Our fi rst example that was a prominent feature of the NZ dialogue was the regular use of

the fi rst person inclusive pronoun ‘we’ and its various other forms such as ‘us’ and ‘our’ etc. In

English, this pronoun can be employed as a marker of solidarity with an addressee, as in the

expression “And how are we this morning?” It is also used with young children to

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the identity of the speaker. Of the 52 instances of employment by the NZ teacher, there was

only one instance in which the pronoun could be regarded as being used in its true sense in

that it could not be replaced by a second person pronoun(i.e. ‘you’) and/or a fi rst person

exclu-sive pronoun(i.e. ‘I’). In all other instances, it appeared that the teacher was selectively

choosing the fi rst person inclusive in order to portray herself as being in the same group as the

students and thus expressing her solidarity with them. 14) is an example of this type of

pronominal manipulation.

14) T: So why, when we add these together do we get the same answer?

We can consider such usage of the fi rst person inclusive to be culture specifi c, as the same type

of usage becomes unnatural when employed in Japanese, even though technically it is

gram-matically possible to construct such a sentence.

14’) ???dakara naze watashitachi ga korera oissho ni tasu to

so  why  we SUB  these OBJ    together add and

watashitachi ni wa onaji kotae ga deru

we        same answer  go out

So why, when we add these together do we get the same answer?

A different phenomenon observed in the Japanese data that was referred to in section 4.1.1,

was the teacher’s use of speculative questions using the sentence fi nal form kana a). Of the total number of questions posed by the Japanese teacher to her students, 42% included this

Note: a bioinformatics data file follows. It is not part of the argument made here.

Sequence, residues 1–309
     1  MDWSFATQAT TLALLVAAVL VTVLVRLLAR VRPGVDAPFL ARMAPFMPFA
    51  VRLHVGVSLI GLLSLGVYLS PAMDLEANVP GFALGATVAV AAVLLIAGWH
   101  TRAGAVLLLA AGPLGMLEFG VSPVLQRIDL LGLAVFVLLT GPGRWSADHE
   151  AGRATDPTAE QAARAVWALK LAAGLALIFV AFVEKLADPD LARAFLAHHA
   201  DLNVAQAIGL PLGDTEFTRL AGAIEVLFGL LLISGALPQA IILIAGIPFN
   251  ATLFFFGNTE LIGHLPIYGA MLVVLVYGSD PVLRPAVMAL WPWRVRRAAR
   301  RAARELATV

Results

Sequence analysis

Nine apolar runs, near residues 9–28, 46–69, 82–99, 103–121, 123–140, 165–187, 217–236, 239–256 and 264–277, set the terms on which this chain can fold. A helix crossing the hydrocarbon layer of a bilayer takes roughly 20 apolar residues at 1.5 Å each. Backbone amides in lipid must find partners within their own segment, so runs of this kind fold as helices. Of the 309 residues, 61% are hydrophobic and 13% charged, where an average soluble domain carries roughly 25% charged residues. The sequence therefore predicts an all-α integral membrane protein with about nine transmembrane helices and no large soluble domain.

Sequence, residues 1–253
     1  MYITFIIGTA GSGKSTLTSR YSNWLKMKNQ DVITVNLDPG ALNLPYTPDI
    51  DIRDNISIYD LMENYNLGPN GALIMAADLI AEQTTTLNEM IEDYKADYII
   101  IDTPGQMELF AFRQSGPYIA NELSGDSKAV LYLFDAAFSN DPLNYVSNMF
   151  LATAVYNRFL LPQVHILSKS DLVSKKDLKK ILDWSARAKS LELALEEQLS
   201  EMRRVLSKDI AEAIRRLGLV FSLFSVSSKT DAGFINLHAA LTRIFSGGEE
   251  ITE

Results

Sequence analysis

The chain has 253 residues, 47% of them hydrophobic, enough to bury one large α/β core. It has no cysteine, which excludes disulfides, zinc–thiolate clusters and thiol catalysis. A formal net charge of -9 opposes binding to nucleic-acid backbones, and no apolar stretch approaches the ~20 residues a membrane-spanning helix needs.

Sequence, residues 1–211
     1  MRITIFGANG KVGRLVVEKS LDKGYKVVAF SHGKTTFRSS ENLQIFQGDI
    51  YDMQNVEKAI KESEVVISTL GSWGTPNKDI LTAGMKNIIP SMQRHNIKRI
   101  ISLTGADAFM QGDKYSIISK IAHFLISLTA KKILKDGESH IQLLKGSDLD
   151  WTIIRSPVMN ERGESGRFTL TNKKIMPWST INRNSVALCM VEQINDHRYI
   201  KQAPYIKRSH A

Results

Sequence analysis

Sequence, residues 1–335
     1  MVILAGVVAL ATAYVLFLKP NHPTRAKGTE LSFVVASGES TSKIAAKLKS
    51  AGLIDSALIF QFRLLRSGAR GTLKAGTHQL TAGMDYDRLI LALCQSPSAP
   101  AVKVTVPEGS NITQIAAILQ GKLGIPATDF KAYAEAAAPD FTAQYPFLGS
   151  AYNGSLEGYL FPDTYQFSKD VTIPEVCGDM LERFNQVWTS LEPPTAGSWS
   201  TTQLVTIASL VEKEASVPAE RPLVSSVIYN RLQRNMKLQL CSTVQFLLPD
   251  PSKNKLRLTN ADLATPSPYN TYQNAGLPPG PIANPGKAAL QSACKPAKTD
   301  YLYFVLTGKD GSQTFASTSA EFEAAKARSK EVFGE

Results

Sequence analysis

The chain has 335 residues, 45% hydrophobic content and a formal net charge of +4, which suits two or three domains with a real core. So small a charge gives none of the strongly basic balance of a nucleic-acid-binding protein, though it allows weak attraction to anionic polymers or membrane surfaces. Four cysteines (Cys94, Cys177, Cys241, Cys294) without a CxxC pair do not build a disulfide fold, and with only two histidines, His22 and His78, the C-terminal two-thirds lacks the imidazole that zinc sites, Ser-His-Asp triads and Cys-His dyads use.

feature. Example 5) is repeated here for ease of reference.

5) T: san bun noichi meetoru gamitsu atsumattara     nanmeetoru

 3 part GEN  1 metre SUBJ  3 if gathered together what metre  kana?

(I) wonder

If three thirds of a meter are put together, I wonder how many meters that would make?

There were no instances of this type of speculative questioning observed in the NZ data, and

indeed it would have sounded unnatural for the NZ teacher to have used such a strategy at the

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gram-matical restriction preventing the creation of such a question in English, leading us to the

conclusion that the restriction is culturally based, i.e. based on the widely accepted norms of a

certain speaking community.

The last strategy we will consider here was the use of forms that gave the impression the

teacher was inviting or suggesting to students that they might like to participate in some

activity or provide some kind of verbal input. In Japanese, this was achieved through the use of

the volitional form of the verb as in 15) below.

15) T: kyooko san, ittemiyoo

 Kyoko, say let’s try  Kyoko, let’s try saying it.

This strategy occurred only once in the initiation of student input, but it was the most

frequently used form by the teacher in commands/requests for student action, occurring in 21

such speech acts out of a total of 23. A similar strategy shown as 16) below was employed by

the NZ teacher, but it was employed only once in the entire dialogue.

16) T: Okay, sit down sweetie, lets try someone else.

The motivation behind the employment of this strategy is similar to the English use of the